What’s your type?
There are two types of English teachers in Japan. The first is simply a language teacher, usually English (or some other language), and they just happen to do it in Japan. Maybe they always wanted to live in Japan, maybe they love manga or sumo, but for some reason, they practice their craft here and are loving it. They crave to improve their skills. The tough parts of the job are just exciting challenges and they are generally doing exactly what they want to be doing. They might want more money or a better position, but being a teacher is exactly how they want to spend their time working at this point in their lives.
The second type of teacher is much more common. It’s what I call the “waiter in L.A.” teacher. I use this designation because, like the stereotype of waiters in Los Angeles, if you ask them what they do, “waiter” would be the last and most reluctant response.
I’m really an actor.” “I write screenplays.” “I’m in-between gigs.
These are much more common answers.
In Japan, those answers are usually adjusted to writer, model, or artist, but “English teacher” is rarely the first reply. The “waiter” who’s teaching English is just teaching because they have to.
For some, this may be totally fine. Perhaps they just wanted a fun year in Japan or maybe they aren’t really ready to make a career choice, but teaching is not something they specifically set out to do.
But for others, the people who have been in Japan for a long period of time, it’s more likely that they are teaching English because they believe there isn’t actually anything else they can do to earn income as a foreigner.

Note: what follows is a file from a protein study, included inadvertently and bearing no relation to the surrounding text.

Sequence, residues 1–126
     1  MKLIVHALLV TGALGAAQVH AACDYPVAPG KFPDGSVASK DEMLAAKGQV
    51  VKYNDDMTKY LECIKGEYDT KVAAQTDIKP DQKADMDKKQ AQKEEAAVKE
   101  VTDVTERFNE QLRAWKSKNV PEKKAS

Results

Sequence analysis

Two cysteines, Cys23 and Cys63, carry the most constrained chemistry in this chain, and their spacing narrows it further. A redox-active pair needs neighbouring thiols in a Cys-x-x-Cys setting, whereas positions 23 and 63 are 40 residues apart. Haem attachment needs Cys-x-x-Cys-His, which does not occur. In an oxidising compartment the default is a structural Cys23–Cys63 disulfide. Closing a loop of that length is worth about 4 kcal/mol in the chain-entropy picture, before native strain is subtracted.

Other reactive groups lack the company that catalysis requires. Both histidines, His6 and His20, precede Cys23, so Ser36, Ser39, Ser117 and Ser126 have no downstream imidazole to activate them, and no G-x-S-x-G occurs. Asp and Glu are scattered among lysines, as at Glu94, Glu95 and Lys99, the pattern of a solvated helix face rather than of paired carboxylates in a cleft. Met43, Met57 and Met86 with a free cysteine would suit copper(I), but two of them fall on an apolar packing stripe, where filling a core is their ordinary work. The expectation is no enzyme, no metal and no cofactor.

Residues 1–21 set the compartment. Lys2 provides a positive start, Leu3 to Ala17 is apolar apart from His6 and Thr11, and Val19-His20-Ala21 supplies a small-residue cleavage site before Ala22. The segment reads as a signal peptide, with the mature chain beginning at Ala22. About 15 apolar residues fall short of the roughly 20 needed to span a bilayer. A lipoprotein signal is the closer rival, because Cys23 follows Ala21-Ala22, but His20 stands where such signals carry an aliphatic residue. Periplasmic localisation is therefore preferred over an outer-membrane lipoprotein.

Preparation is key
I’d like to talk to this type of person, the person who is either happily or unhappily teaching English just to earn money while living in Japan.
If you don’t want to teach English — don’t teach English.
Let me clarify, though: I’m not advising that you quit your job and hope everything just works out. What I’m suggesting is that while you’re teaching English, prepare yourself in every way possible to be able to do what you want to do. You should only delay your progression for as long as it takes you to prepare.
You should only delay your progression for as long as it takes you to prepare.
1. Learn Japanese
For most, this will mean attacking the process of learning Japanese with your total attention. Most non-teaching jobs you might want to do require you to be at least conversant in Japanese. If you’re serious about doing something besides teaching English for the rest of your time in Japan, you quite simply must learn the language.
2. Build a network
For everyone, this will mean getting yourself firmly planted in the “world” of what you want to do. If you want to be a model, you need to get yourself in the modeling world. Using your Facebook and Twitter accounts, follow everyone on the “modeling in Japan” scene and find out how to get into modeling-related events. Want to be a writer? You better start writing a hell of a lot. A blog is the best way to get your foot in the door (and acts as your digital CV), and being published on other sites is crucial for your exposure.
Love what you do
You can see with both of those examples, teaching English isn’t anywhere on that list. For this type of person, teaching English is only what you do until you don’t have to anymore. There’s obviously no guarantee you’ll make it. The point where you don’t have to teach anymore might never come, but if teaching English is only a means to an end, make sure you’re pursuing that end. You don’t want to be a “waiter” forever.
The best English teachers love teaching English. You can still be a good teacher if it’s not exactly what you want to do, but you’ll feel most rewarded if you’re chasing down your ultimate goal in the meantime. So if you’re wishing you could be doing something else in Japan, start making it happen.
That way, you can happily answer the age-old question “What do you do?” with a confident: “I teach English… for now.”